But what’s terrifying about the closing days before the latest deadline for Britain to crash out of the E.U. with no deal, this coming Friday, is that such puritanism is no longer restricted to the government benches. It is now present among the opponents of Brexit, too. Labour MPs who support the People’s Vote campaign for a second referendum refused to back proposals for a softer Brexit on Monday, as did the moderate Liberal Democrats party. Even the Independent Group, a newly formed collection of former Conservative and Labour MPs who say they’re willing to work across traditional tribal loyalties, refused to support them.

The same applied to many proponents of a softer Brexit. All they had to do was offer support to the People’s Vote campaign as a ratification process on their plans, and they could have secured much wider backing for their proposals. But they would not. Everyone called for everyone else to compromise, while never seeming willing to do so themselves. So instead, it turned into a circular firing squad. All the options lay dead on the floor.

Why is this happening? How is a country that was once famed for its moderation, stability and practical judgment turning into a political abattoir?

The answer is identity politics. Brexit is a right-wing culture war conducted in populist terms. It is not really about the E.U. It is about people’s sense of who they are. It is about wanting a world of walls, separating people and ideas and political structures from one another. But it is not just a desired outcome: By now, it is also a way of doing things. The Brexit mind-set does not compromise or accept caveats. It is politics in primary colors. There is victory or national slavery, and nothing in between.

It leaves the country in an extremely perilous situation. The government’s latest wheeze, expressed in a statement from May on Tuesday night, is to extend Article 50 again and try to bring opposition leader Jeremy Corbyn on board to see if they can find a deal that works for both Labour and the Conservatives. By the end of the week, no signs had emerged that they would be able to discover one. And May’s request Friday to delay the April 12 deadline until late June was met with skepticism by E.U. leaders.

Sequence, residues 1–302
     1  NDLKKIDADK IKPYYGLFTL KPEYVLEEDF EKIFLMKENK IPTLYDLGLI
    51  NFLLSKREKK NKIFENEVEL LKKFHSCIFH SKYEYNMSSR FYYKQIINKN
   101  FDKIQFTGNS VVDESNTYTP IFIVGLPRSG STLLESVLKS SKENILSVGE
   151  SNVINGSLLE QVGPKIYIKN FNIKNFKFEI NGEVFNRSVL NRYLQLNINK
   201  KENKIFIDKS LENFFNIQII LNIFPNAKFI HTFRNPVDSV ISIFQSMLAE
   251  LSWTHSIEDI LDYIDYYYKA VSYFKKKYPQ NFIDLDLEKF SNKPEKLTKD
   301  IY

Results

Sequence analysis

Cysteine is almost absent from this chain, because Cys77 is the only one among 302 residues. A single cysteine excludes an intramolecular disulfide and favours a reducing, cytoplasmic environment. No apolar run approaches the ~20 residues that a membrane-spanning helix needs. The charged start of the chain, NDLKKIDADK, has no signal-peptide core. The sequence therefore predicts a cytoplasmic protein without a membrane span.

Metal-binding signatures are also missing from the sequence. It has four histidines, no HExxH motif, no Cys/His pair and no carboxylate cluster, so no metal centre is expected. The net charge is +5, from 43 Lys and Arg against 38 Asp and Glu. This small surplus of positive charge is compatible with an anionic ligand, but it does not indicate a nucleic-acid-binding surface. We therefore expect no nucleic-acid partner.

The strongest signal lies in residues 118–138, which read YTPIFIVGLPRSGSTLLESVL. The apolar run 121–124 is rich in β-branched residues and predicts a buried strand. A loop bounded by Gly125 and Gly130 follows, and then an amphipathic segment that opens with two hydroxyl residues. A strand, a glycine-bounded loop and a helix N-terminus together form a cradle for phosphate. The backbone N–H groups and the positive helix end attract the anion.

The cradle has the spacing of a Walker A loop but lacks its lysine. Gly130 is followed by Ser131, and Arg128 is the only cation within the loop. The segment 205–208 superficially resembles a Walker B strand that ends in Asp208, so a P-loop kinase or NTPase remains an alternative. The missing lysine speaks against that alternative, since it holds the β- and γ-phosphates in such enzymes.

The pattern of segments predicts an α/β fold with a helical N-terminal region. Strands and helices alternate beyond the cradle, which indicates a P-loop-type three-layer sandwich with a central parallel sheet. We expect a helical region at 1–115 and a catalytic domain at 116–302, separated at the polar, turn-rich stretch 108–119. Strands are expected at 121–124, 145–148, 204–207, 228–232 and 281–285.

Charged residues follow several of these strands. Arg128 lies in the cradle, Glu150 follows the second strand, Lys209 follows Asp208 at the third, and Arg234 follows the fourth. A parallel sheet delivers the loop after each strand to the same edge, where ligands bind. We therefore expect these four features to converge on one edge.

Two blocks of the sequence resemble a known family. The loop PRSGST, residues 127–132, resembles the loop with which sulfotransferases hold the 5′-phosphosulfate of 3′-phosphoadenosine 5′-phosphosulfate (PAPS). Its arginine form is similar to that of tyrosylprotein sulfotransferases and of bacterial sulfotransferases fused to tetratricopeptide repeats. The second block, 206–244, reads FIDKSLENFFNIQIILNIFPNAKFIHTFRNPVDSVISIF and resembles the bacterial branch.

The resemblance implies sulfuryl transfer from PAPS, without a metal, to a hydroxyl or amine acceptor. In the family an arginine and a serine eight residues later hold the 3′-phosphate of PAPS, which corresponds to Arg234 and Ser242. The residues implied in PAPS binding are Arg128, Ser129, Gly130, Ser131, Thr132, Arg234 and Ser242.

Even this attempt, which shows an openness the prime minister has not exhibited before, faces the same problems: If the plan does not include a People’s Vote, Corbyn loses a chunk of his supporters, inside and outside Parliament. If it includes a soft Brexit, those People’s Vote types won’t support it, and May loses most of her own party in the bargain. Whichever way you look at it, political puritanism makes the mathematics of a Brexit majority hard to imagine.

The country is stuck, frozen in indecision. Parliament is reenacting the end of “Reservoir Dogs.” And still the clock ticks mercilessly down. Puritanism has provided no answers whatsoever except pain and failure. Unless MPs quickly rediscover Britain’s tradition of pragmatism, things are about to get very ugly indeed.

This article has been updated since it was first published on April 3.